The tense moments after hatless Patrick Cantlay electrified the Ryder Cup
ROME — The ball fell into the hole and Patrick Cantlay’s voice knifed through the air like a cruise missile.
It was Saturday night at the Ryder Cup, and Cantlay had just breathed life into the Americans, ironically, by sucking the air out of the whole place.
The first noise that followed Cantlay’s birdie on the 18th was his scream — a primal yell that echoed around the seating horseshoeing the 18th. The second was silence, the kind one only finds at a sporting event when a crowd’s voice has been stolen.
The silencer was Cantlay, hatless for all the world to see, the subject of a report just hours earlier alleging a “fracture” on the U.S. roster. The reason for the fracture, the report said, was Cantlay’s desire to be paid for his participation in the Cup — a protest he carried out by refusing to wear a hat (Cantlay later denied the report, saying simply the hat didn’t fit). Word of this report spread quickly throughout Marco Simone, and by the time Cantlay made the turn for home he’d found himself surrounded by thousands of fans waving their caps in mock support.
There were hats waving again when Cantlay’s birdie putt dropped on the 18th, silencing the European crowd and stunning his opponents Matt Fitzpatrick and Rory McIlroy. This time they belonged to Cantlay’s Ryder Cup teammates — Collin Morikawa, Max Homa, Justin Thomas and assistant captain Fred Couples among them — who had suddenly seized a slice of momentum large enough to feel.
For the first time since the first balls had gone in the air on Friday, the Americans had a tangible piece of hope. But the celebration lasted only seconds until it was nearly interrupted by a fistfight.
The first offender was Cantlay’s caddie Joe LaCava, who had been the first American to rip his hat from his head in celebration. He stood at the center of the green for a few long seconds after Cantlay’s putt sunk, waving back toward the Americans on the far side of the green. Normally that wouldn’t have been an issue, but McIlroy was surveying a birdie putt of his own roughly five feet to LaCava’s right to halve the match.
McIlroy stood up awkwardly, appearing to share some choice words with LaCava about his position on the green, who turned away. Back behind the green, Euro teammate Shane Lowry exploded on his behalf, screaming for LaCava to get out of McIlroy’s way.
“Shut the f–k up, Shane,” LaCava yelled back, a retort that only elicited further screaming.
A few seconds later, McIlroy’s putt missed. The Americans had officially won the match, but Rory was still furious. He jawed with his caddie, Harry Diamond, who started yelling at LaCava, bringing both teams together for a tense few seconds of close proximity shouting.
Rory appeared to be circling for a second go at LaCava in the middle of this when he was suddenly stopped by Jon Rahm, who bear-hugged McIlroy away from the action, pleading with him to simmer.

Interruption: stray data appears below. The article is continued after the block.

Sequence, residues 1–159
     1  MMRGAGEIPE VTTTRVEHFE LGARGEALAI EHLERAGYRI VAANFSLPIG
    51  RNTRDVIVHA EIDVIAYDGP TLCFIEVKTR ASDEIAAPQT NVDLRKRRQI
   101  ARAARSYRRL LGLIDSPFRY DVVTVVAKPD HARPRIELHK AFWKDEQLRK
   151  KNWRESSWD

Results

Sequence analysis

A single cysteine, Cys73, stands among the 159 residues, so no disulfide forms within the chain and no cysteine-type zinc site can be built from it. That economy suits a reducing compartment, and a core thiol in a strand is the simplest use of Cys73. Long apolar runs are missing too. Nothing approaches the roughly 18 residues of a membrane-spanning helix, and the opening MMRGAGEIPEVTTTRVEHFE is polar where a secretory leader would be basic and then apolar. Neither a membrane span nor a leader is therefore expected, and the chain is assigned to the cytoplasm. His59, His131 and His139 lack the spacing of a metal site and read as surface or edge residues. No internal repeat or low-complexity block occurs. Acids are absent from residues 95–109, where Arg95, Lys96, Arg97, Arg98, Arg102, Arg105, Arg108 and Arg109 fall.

The Europeans escaped from the 18th green as quickly as they’d arrived, charging back through the ropeline and toward the clubhouse. As they disappeared toward the team room, they could be heard yelling about LaCava’s apparent lack of situational awareness.
Back on the green, the chaos had cooled into euphoria. An American celebration was underway in earnest — and LaCava was at the center of it.
The scene happened too fast — and too chaotically — to say who was at fault for the situation that nearly led to our first Ryder Cup brawl (we can be thankful to mediators like Bones Mackay for keeping the number of Ryder Cup fights at zero). But it is not hard to say what the scene meant to the Cup, which ended a lifeless two days with one of the hottest moments in tournament history.
Speaking of the tournament, the victory couldn’t have been more important for the Americans. The U.S. had needed a dominant fourth and final team play session just to entertain the possibility of a Sunday comeback. Cantlay’s win alongside teammate Wyndham Clark represented the crucial third point for the U.S. in the afternoon session, moving the tally to 10.5-5.5 Europe. More importantly, though, it represented the kind of crowd-silencing uppercut the Americans had failed to deliver over and over again over the first two days of play at Marco Simone, where the Europeans looked well on their way to one of the most dominant wins in recent memory … until Cantlay strolled down 18.
Of course, the Euros are still in the driver’s seat, clinging to a five-point lead and needing just four match victories in Sunday singles in order to clinch the Cup. The Americans, on the other hand, will need 8.5 out of a possible 12 points on Sunday to retain — an effort that would represent the largest Sunday comeback in Ryder Cup history. Twice before we’ve seen Ryder Cup teams mount significant comebacks in singles play, first in Brookline in 1999 and again in Medinah in 2012, but nothing quite like this.
Yes, it would be stunning if the Americans pulled off the upset on Sunday afternoon in Rome. But it wouldn’t be any more stunning than the controversy that enveloped Ryder Cup Saturday — the one about the golfer without a hat.
The totality of the moment was obvious to everyone a few minutes after both teams disappeared into the night. From just off the 18th green, one European team family member said it perfectly.
“F–k,” he said. “The door didn’t shut.”